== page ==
We knew it wouldn’t take very long before the age of sentient technology was upon us. Computers are taking over great swathes of the legal profession. LegalZoom is taking away business. Contract attorneys fear for the day when their work is fully outsourced to machines.
I, for one, welcome our new computer overlords, if only because their King, the internet, is still undecided about the legal profession. Help the internet help you…
Let me explain how this started. The American Association of Law Schools had its annual conference this weekend here in New York. On Saturday, I spoke on a panel about law school rankings with Bob Morse (U.S. News), Karen Sloan (National Law Journal), Katrina Dewey (Lawdragon), and Dimitra Kessenides (Bloomberg BNA). It was a fun and lively discussion in which we explained the different things we were trying to capture with our law school rankings, and how law school rankings are used and should be used. My plan was to cover the conference on Friday, speak on Saturday, then get drunk on Saturday night to make up for not being able to get drunk on Friday night.
But there was a huge snowstorm in NYC on Thursday night and I did not have the will to pull out my dogsled and make it to midtown on Friday morning. Instead, I followed the conference via various Twitter feeds of people who did make it. This was surprisingly effective (the internet is an amazing thing). Instead of being stuck in one room, I was following reports from many. So I was just sitting, warm and cozy in my basement, when this tweet went up:
Dean: Tuition costs not only reason grads in debt. They don’t apply for scholarships, drive nice cars. #aals2014
This isn’t the first car-related foolishness we’ve heard from defenders of law school; the former president of the ABA told law students that they should sell their cars to pay for law school. And this needs to stop. There are too many people in charge of law schools who remember tuition costs from when they went to school, which is beyond irrelevant.
Since some of these guys appear to be too addled to do the math, I’ve come up with something easier: pictures. I want you to show us what kind of car you drive in law school (or what kind of car you drove). Send us your jalopy; hell, if you have a sweet ride, send that too (subject line “Law School Car”). I would love to see if any of these cars could even put a dent in the current price of law school tuition.
Some of our Twitter followers were more than happy to start us out….
With Christmas and New Year’s Day falling on Wednesdays in 2013, it felt like the holiday season lasted forever. Not that we’re complaining — we enjoyed two weeks of relative quiet, and we suspect many of you did as well — but now it’s back to work, as we kick off the first full week of the new year.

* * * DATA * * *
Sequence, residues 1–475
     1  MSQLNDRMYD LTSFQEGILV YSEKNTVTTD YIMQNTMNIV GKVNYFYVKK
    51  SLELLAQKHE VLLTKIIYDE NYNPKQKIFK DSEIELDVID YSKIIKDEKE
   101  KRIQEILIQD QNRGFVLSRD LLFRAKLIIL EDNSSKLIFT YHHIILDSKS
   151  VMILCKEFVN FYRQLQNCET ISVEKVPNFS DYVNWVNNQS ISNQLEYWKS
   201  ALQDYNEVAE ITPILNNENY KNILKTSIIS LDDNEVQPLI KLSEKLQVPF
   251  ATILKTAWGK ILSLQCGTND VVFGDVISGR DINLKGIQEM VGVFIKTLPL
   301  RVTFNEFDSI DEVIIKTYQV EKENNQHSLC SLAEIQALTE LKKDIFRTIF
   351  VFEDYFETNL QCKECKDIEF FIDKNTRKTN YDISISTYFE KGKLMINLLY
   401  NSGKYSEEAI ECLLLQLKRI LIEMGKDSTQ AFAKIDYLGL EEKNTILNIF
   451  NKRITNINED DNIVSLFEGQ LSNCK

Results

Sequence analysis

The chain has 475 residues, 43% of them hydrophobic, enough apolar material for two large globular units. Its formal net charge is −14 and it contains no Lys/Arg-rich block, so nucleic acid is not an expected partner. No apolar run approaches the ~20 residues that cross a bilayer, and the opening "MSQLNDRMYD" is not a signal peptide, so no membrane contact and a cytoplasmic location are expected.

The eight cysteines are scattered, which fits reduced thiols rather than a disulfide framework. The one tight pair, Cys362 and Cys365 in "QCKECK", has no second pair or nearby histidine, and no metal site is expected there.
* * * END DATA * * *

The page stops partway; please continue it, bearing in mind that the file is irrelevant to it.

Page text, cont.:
One story that kept people engaged over the holiday lull was our fifth annual holiday card contest. Voter participation ran high, with more than 7,688 votes cast for the eight worthy finalists.
Which law firm’s card prevailed? Here’s a hint: it’s the most interesting Biglaw holiday card in the world….
OmniVere’s delivery of end-to-end technology & data consulting to position the company as a true differentiator in the global legal technology and compliance space.
CHICAGO, IL, September 29, 2014 – OmniVere today announced the creation of the company’s technology & data consulting arm and the addition of several industry-renown experts, including the former co-chairs of Berkeley Research Group’s (BRG’s) Technology Services practice, Liam Ferguson, Rich Finkelman and Courtney Fletcher.
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Ferguson, Finkelman & Fletcher are nationally recognized experts and seasoned veterans in the areas of overall technology, electronic discovery, and structured data. At OmniVere, the team will be focused on all global consulting activities with respect to legal compliance, complex data analytics, business intelligence design and analysis, and electronic discovery service offerings.
The Trust Women conference is an influential gathering that brings together global corporations, lawyers and pioneers in the field of women’s rights. Unlike many other events, Trust Women delegates take action and forge tangible commitments to empower women to know and defend their rights.
This year, the Trust Women conference will take place 18-19 November in London. From women’s economic empowerment to slavery in the supply chain and child labour, this year’s agenda is strong and powerful. Speakers include Professor Muhammad Yunus, Nobel Laureate and founder of the Grameen Bank; Phumzile Mlambo-Ngcuka, Executive Director of UN Women; Mary Ellen Iskenderian, President and CEO of Women’s World Banking and many other influential leaders. Find out more about Trust Women here.